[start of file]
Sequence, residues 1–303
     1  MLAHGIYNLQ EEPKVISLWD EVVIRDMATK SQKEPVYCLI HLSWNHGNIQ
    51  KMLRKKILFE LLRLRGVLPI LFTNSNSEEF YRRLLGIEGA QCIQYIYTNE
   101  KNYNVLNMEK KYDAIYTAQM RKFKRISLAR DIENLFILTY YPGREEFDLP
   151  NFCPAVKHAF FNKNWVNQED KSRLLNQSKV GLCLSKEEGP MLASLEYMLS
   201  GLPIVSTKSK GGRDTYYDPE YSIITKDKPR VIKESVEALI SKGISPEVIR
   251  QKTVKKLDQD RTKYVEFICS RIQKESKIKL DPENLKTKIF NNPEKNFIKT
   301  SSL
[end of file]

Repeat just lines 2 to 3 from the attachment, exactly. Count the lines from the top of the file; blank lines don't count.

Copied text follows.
     1  MLAHGIYNLQ EEPKVISLWD EVVIRDMATK SQKEPVYCLI HLSWNHGNIQ
    51  KMLRKKILFE LLRLRGVLPI LFTNSNSEEF YRRLLGIEGA QCIQYIYTNE